Easy 1-4-5 12 Bar Blues Pentatonic Melody Line

Check out this Easy 1-4-5 12 Bar Blues Pentatonic Melody Line lesson from Guitar Control instructor Darrin Goodman. Be sure to get the tabs to go along with this free lesson so that you will have this Easy 1-4-5 12 Bar Blues Pentatonic Melody Line down in record time.

Easy 1-4-5 12 Bar Blues Pentatonic Melody Line

Introduction

Hey everybody how’s it going? This is Darrin with GuitarControl.com bringing you this video lesson. Today I want to show you an Easy 1-4-5 12 Bar Blues Pentatonic Melody Line that’s the same sequence but, it’s movable and we’re going to use it to follow the chord progression of a 12 bar blues. So be sure to click on the link in the description for the tabs and let’s take a look at this Easy 1-4-5 12 Bar Blues Pentatonic Melody Line.

12 Bar 1-4-5 Progression

All right, so the first thing is that like I said it’s a 12 bar 1-4-5 chord progression. So really quickly, I’ve done numerous lessons on this subject as far as how to break down a blues chord progression, anyway so simply what this is we’re in the key of E, so our one chord is E. So if we just count up four from E; E, F, G, A, A is our four chord and then one more from there would be five, which would be B and that’s our five chord. So the formula for this is you have four measures or four bars of one and then two bars of four and then two bars of one and one bar of five, one bar of four and then back to two bars of one and so that’s why they call it a 12 bar blues. So for this what works really well is to play over the top of this with seventh chords. So E7 is your one chord, A7 is your four chord and B7 would be your five chord. So now lets look at the Easy 1-4-5 12 Bar Blues Pentatonic Melody Line.

The Melody Line

So this 1-4-5 12 Bar Blues Pentatonic Melody Line is pretty easy to play and like I said it’s just gonna be the same sequence, but we’re just gonna move it around. All right so starting off we’ll be here doing it over our one chord, the E7, and I’m going to start right here on the 12th fret of the G string with my middle finger. Now the reason is because this note is actually the minor third, because when you play a pentatonic scale the minor third is G, so for this what I like to do is slide into the major third because that’ll really highlight that major third sound that’s in that chord. So we start here with our middle finger, and by the way all of these notes are out of minor pentatonic pattern one, so for this Easy 1-4-5 12 Bar Blues Pentatonic Melody Line I’m starting here at 12 and I pick that and slide to 13 and then take my first finger and just bring it down and barred across the B and the high E string at the 12th fret and then from there we’re going to go to the 15th fret of the B string and we’re going to do a bend, we’re going to do a full step bend and then back to the 12th fret of the high E and then back to the 15th fret of the B string, to the 12th fret of the B string, to the 14th fret of the G string and then it just starts over again. So like that one time through, that is one measure or one bar. So since the formula is four bars of one we’re going to play that a total of four times.  Now we’re just going to move this shape up to where the four chord would be.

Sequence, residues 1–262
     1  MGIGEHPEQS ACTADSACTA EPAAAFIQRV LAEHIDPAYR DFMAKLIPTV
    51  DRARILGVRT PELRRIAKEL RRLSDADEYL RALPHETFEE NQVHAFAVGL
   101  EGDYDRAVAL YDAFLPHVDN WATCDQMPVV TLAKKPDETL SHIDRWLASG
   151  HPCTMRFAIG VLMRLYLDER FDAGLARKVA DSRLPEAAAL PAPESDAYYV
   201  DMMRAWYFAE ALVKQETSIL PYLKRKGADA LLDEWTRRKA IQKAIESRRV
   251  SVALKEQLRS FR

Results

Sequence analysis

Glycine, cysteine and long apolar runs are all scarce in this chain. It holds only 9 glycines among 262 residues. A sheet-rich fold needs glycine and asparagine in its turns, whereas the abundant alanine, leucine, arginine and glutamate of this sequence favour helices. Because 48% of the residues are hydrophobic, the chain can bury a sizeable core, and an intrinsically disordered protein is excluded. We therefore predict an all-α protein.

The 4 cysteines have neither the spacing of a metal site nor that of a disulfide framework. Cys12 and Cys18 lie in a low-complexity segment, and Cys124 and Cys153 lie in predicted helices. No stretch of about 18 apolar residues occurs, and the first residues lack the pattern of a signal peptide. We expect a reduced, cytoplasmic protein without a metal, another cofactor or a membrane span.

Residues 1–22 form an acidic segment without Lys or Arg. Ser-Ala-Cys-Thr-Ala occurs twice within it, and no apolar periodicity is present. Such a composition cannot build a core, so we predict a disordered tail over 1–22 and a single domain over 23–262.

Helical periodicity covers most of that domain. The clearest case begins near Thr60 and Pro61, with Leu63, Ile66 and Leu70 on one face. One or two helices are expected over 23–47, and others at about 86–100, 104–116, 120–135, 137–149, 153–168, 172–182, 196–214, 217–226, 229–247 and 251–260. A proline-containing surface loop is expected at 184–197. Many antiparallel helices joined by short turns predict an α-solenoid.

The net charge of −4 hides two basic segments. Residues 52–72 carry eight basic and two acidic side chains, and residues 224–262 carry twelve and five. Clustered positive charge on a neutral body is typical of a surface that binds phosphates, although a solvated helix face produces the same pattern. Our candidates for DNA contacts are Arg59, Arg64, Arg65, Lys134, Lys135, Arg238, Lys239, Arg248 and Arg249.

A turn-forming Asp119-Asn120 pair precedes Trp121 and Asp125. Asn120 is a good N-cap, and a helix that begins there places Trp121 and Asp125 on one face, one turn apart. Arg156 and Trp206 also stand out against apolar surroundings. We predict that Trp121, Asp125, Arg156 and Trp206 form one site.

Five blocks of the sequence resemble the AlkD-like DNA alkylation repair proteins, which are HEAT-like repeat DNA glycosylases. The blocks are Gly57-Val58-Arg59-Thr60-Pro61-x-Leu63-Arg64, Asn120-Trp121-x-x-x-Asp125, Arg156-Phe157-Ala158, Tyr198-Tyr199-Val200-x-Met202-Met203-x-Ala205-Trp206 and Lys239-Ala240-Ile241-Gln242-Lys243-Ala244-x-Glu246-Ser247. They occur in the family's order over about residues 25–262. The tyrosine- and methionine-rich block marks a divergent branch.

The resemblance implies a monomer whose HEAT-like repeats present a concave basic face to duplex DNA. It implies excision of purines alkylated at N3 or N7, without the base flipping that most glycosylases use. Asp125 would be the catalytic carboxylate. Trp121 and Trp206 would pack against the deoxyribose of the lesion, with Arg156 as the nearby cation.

Now a really easy way to kind of do this is that note right there on the high E, right here on the 12th fret is an E, so if we move that up here to the 17th fret, that’s an A, so now we just do the riff around that idea. So if we take the A minor pentatonic scale and we’re going to start on the 17th fret of the G string and do the same thing, we’re going to pick and slide up a half step so that’ll put us at the 18th fret and then you’re going to just bar your first finger again this time at the 17th fret, so 17 slides to 18. Now we move up to the B and E strings, now we go to the 20th fret of the B string and we do that whole step bend back to the 17th fret of the E and then just descend the scale. Now since the formula goes two bars of the four-chord we’re gonna do that twice and then back down to our original location, so we’re back on the one chord again for two bars. Now we’re gonna go to the five chords. So the five chords is a whole step away from the four chords, so before we were here on the 17th fret, so we’re just going to simply move that up to the 19th fret and do the same thing, but this time we’re going to only do it once because there’s only one bar of the five chords. Then we move down to the four chords, so just move down a whole step and do the same thing once and then finally back down to our original location at the 12th fret to do two bars of this because it’s back to the two bars of one on this Easy 1-4-5 12 Bar Blues Pentatonic Melody Line.

Practice and Application

All right, so if you have a means to be able to record yourself you could just record yourself doing the rhythm. Even if you don’t have any fancy recording software or anything you can just use your phone, get your smartphone out hit that voice recorder and just make a recording; E7 to A7 and back to E7 and then to B7, A7 and then back to E7. THen you can play the Easy 1-4-5 12 Bar Blues Pentatonic Melody Line over the recording, when you have the two parts together it sounds really good being played together.

Conclusion

All right, so I hope you enjoyed Easy 1-4-5 12 Bar Blues Pentatonic Melody Line and you got something out of it. If you liked the lesson be sure to give me a thumbs up. Leave a comment down below if there’s something you’d like to see covered in a future lesson. Be sure to subscribe to the channel and hit that notification bell so you don’t miss out on any of the content like this 12 bar 1-4-5 blues pentatonic melody line that we upload throughout the week. Anyway that is all I’ve got for you today.

Thanks for watching Easy 1-4-5 12 Bar Blues Pentatonic Melody Line and have a great day.

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